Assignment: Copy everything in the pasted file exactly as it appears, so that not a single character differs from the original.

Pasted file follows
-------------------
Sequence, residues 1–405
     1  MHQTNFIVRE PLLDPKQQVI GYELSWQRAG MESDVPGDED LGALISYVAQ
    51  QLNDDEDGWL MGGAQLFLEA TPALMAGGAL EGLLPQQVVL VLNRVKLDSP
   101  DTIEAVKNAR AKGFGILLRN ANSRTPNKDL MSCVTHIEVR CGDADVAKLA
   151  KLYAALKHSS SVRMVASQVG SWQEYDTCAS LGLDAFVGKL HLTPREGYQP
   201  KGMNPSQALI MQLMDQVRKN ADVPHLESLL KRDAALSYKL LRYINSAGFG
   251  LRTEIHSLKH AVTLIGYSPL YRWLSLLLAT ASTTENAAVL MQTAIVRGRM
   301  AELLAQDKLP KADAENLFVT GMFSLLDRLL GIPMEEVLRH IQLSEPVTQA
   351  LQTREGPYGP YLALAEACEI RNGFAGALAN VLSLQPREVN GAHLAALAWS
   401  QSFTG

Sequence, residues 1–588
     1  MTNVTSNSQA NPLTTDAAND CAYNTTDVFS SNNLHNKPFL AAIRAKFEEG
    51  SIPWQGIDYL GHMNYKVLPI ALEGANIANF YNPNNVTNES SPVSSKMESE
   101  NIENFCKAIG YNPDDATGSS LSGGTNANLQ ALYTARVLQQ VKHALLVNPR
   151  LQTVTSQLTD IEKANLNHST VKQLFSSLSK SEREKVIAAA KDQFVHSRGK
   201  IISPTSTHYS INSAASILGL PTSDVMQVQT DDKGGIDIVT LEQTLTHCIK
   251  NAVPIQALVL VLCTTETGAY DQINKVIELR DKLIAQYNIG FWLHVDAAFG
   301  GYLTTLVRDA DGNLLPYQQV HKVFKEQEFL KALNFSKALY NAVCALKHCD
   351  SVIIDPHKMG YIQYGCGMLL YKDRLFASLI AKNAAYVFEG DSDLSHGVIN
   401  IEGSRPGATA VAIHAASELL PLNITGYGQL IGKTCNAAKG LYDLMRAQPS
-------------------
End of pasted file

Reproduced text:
Sequence, residues 1–405
     1  MHQTNFIVRE PLLDPKQQVI GYELSWQRAG MESDVPGDED LGALISYVAQ
    51  QLNDDEDGWL MGGAQLFLEA TPALMAGGAL EGLLPQQVVL VLNRVKLDSP
   101  DTIEAVKNAR AKGFGILLRN ANSRTPNKDL MSCVTHIEVR CGDADVAKLA
   151  KLYAALKHSS SVRMVASQVG SWQEYDTCAS LGLDAFVGKL HLTPREGYQP
   201  KGMNPSQALI MQLMDQVRKN ADVPHLESLL KRDAALSYKL LRYINSAGFG
   251  LRTEIHSLKH AVTLIGYSPL YRWLSLLLAT ASTTENAAVL MQTAIVRGRM
   301  AELLAQDKLP KADAENLFVT GMFSLLDRLL GIPMEEVLRH IQLSEPVTQA
   351  LQTREGPYGP YLALAEACEI RNGFAGALAN VLSLQPREVN GAHLAALAWS
   401  QSFTG

Sequence, residues 1–588
     1  MTNVTSNSQA NPLTTDAAND CAYNTTDVFS SNNLHNKPFL AAIRAKFEEG
    51  SIPWQGIDYL GHMNYKVLPI ALEGANIANF YNPNNVTNES SPVSSKMESE
   101  NIENFCKAIG YNPDDATGSS LSGGTNANLQ ALYTARVLQQ VKHALLVNPR
   151  LQTVTSQLTD IEKANLNHST VKQLFSSLSK SEREKVIAAA KDQFVHSRGK
   201  IISPTSTHYS INSAASILGL PTSDVMQVQT DDKGGIDIVT LEQTLTHCIK
   251  NAVPIQALVL VLCTTETGAY DQINKVIELR DKLIAQYNIG FWLHVDAAFG
   301  GYLTTLVRDA DGNLLPYQQV HKVFKEQEFL KALNFSKALY NAVCALKHCD
   351  SVIIDPHKMG YIQYGCGMLL YKDRLFASLI AKNAAYVFEG DSDLSHGVIN
   401  IEGSRPGATA VAIHAASELL PLNITGYGQL IGKTCNAAKG LYDLMRAQPS